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Italian fashion houses say they’re psyched for spring, with many brands touting double-digit growth in pre-collection orders — but there are still signs that it’s not quite time to break out the spumante.

Sales growth in the U.S and Asia is encouraging, but there are still plenty of challenges, namely how to protect margins when the top line isn’t skyrocketing, dealing with euros that are worth more than dollars — albeit at a more stable rate than in the past — and a stagnant European market that’s suffering from weak tourist flow. The mood is generally optimistic, but some observers still stress that caution is just as in style now as it has been since 9/11.

“[Pre-collection sales] went well enough, but not fantastically well,” summed up Camera Nazionale Della Moda president Mario Boselli. “People expected more but in the end they were just normal.”

Gucci, Versace, Valentino, Missoni, Gianfranco Ferré and Dolce & Gabbana all reported a double-digit jump in spring pre-collection orders. Prada said orders “have been strong” in accessories as well as ready-to-wear. Giorgio Armani estimated that spring apparel orders are up on average between 8 and 10 percent, while accessories orders have climbed 40 percent. Several companies said they are doing a swift business in individual pieces and separates, a reflection of how customers are selectively spending to achieve their own look, on a budget.

“It’s not unusual to see someone wearing Diesel jeans or a Zara skirt and more expensive top, for example,” said Michele Norsa, chief executive officer at Valentino and general manager of Marzotto apparel.

Domenico Dolce and Stefano Gabbana said various items, ranging from T-shirts and leather jackets to suits, have been a hit with buyers this season.

“Every season, trends and products change, but what’s important is that the pieces are precious — and not necessarily expensive — and make you feel like you are living a dream and have the sensation you are wearing an ‘exclusive piece,’” the designers stated.

But even though there are signs that sales are on the rise, most companies are working to protect their margins, whether that means boosting efficiencies internally, cutting expenses on fashion shows, being more selective in terms of collection size or opting to outsource some production to developing countries.

This story first appeared in the September 20, 2004 issue of WWD. Subscribe Today.

“We all know that every company has to manage the best it can. There’s definitely no room for waste anymore,” said Vittorio Missoni, Missoni’s marketing director and sales manager.

Dolce & Gabbana saw one of the strongest growth rates in spring orders, posting a 22 percent jump. Meanwhile, general affairs director Cristiana Ruella said sales in the company’s directly owned stores from the beginning of the year through August are up 40 percent — 25 percent on a same-store basis.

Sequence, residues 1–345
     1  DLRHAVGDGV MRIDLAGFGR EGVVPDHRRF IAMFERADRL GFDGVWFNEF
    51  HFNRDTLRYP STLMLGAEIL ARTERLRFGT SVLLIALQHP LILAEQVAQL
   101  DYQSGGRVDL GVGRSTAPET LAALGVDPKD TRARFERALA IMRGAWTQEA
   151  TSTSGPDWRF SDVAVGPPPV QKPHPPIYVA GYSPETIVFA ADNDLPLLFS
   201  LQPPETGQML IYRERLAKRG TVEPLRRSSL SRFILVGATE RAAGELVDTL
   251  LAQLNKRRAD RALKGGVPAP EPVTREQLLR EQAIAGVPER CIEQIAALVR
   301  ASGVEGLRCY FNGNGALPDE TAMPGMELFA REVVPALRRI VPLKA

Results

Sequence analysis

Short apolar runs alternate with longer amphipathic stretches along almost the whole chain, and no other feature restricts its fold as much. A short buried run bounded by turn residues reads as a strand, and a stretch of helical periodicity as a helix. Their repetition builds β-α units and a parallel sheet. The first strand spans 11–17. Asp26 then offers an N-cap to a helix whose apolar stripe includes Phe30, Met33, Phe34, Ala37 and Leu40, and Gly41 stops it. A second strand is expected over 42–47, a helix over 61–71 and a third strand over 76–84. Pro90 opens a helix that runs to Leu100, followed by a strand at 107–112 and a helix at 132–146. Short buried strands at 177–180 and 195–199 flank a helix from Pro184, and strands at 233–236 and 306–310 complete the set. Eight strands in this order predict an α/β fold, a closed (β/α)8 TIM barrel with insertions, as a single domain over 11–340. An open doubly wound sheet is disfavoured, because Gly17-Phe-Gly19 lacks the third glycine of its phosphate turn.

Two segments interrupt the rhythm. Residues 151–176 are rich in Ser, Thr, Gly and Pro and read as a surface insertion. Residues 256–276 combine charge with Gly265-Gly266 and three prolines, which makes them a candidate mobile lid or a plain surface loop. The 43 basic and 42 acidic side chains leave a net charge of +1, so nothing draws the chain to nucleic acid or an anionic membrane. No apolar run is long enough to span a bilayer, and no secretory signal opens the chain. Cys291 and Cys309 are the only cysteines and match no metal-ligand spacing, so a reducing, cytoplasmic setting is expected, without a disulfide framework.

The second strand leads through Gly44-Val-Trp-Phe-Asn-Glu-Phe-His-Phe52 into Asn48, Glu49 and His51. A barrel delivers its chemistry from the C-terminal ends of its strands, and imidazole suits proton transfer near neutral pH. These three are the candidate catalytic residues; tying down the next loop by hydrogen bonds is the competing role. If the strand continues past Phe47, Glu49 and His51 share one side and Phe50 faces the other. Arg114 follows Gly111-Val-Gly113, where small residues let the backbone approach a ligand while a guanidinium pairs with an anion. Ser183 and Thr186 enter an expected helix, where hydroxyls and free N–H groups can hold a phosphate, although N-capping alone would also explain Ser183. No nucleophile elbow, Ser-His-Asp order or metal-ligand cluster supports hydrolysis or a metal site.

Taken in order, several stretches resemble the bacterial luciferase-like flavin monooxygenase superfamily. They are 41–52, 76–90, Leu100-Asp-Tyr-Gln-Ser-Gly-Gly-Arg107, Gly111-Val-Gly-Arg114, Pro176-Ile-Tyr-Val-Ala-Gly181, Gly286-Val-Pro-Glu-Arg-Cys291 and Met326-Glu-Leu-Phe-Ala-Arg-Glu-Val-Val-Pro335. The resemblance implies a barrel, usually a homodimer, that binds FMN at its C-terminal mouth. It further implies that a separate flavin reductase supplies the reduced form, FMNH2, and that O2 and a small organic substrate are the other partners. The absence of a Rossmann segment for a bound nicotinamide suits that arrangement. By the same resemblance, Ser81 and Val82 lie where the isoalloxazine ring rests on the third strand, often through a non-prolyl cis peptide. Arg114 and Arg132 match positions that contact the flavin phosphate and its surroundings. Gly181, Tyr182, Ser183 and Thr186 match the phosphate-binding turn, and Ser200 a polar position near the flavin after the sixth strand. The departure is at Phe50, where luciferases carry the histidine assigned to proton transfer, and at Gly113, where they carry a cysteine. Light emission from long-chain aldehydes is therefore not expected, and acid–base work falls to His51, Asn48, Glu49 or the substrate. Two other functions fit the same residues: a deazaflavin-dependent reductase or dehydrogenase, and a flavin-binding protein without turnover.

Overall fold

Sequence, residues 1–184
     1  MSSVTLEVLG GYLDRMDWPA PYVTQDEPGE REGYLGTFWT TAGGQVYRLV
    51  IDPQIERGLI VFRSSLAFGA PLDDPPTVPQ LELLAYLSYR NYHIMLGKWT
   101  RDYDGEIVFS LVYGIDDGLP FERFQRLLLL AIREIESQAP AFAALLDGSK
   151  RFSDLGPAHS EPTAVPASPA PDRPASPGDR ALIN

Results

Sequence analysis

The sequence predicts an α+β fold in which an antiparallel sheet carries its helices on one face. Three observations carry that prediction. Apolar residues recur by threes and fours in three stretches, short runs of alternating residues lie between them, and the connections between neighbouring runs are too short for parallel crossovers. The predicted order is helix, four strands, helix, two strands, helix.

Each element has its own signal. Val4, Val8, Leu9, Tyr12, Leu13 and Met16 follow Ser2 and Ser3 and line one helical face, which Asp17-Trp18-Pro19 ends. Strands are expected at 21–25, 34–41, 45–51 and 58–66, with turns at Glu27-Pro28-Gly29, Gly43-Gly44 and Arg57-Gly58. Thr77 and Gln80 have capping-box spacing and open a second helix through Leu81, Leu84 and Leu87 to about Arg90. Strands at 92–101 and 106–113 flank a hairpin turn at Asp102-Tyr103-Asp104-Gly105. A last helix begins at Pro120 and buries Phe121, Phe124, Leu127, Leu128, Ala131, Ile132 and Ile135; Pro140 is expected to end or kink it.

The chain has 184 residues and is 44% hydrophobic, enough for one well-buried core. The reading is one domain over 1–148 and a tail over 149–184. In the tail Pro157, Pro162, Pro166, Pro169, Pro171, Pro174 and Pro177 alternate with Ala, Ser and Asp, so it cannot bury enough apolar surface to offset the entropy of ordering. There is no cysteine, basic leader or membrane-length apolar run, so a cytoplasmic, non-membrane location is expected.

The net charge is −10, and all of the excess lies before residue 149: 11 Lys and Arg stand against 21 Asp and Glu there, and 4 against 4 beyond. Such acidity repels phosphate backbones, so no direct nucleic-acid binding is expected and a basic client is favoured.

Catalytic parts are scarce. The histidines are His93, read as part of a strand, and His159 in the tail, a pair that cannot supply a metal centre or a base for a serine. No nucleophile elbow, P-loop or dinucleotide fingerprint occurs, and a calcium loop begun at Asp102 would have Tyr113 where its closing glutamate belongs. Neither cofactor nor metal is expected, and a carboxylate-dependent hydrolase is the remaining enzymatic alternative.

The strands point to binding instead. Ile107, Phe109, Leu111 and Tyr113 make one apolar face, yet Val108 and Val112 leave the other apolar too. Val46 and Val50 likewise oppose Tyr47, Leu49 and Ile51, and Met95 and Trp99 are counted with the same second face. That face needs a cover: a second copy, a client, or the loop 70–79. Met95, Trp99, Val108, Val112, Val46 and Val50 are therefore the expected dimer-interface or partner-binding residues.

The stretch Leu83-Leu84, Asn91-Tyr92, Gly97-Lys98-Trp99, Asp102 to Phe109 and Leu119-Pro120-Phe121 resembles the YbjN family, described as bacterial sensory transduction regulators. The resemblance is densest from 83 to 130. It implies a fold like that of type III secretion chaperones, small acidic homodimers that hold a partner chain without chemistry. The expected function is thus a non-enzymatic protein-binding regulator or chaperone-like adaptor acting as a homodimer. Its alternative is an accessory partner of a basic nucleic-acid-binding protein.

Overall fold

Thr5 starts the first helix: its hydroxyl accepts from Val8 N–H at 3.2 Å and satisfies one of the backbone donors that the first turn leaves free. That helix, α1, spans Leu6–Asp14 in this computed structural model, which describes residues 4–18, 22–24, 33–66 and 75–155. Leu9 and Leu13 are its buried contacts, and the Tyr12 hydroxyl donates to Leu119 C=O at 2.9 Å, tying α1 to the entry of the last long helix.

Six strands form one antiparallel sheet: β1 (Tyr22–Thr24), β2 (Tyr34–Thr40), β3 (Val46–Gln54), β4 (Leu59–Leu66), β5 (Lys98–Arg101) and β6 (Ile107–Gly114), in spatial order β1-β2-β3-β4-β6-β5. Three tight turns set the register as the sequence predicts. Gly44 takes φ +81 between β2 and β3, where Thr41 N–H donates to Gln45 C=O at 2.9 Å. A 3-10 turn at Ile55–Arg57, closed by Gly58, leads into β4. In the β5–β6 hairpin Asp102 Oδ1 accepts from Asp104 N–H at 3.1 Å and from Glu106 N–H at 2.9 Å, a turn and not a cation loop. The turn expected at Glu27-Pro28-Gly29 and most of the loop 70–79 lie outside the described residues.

“As of today, we have an objective to grow [sales] by at least 20 percent, which we think is even more impressive compared with average growth rates for the industry that are closer to 6 percent,” Ruella said.

She added that the company hasn’t altered its price points to stimulate demand, and is still on track to boost production at its plants and open another store this year.

Giorgio Armani is similarly upbeat on 2004, compared to a lackluster 2003 dominated by the effects of SARS, the war in Iraq and a slump in tourism.

“The Armani Group is now seeing a strongly positive trend in both wholesale and retail channels on all three major continents, which would indicate that consumer confidence, which was lacking for most of 2003, has returned,” an Armani spokesman said.

As for sales so far this year, the spokesman noted that China and the U.S. have shown the most dynamic growth in the first six months of the year, although Japan and Europe are also “contributing to a positive trend in the year-to-date.” He said that although sales in the U.S. slowed in June, they picked up in August and early September and the company is trying to minimize the price increases it has been forced to make to account for the euro’s value.

Armani said it has been prudent on investments, using internally generated funds to pay for new stores, refurbishments and expanding areas like home furnishings and accessories. Still, the company is not cutting back on ads.

Armani said it plans to increase 2004 advertising and promotional expenditure by more than 10 percent on the year.

Gucci declined to release a figure on spring orders but the brand’s chief executive and president, Giacomo Santucci, said wholesale sales are showing “significant double-digit growth in all markets.” This season marks the first post-Tom Ford women’s collections by apparel creative director Alessandra Facchinetti and accessories creative director Frida Giannini.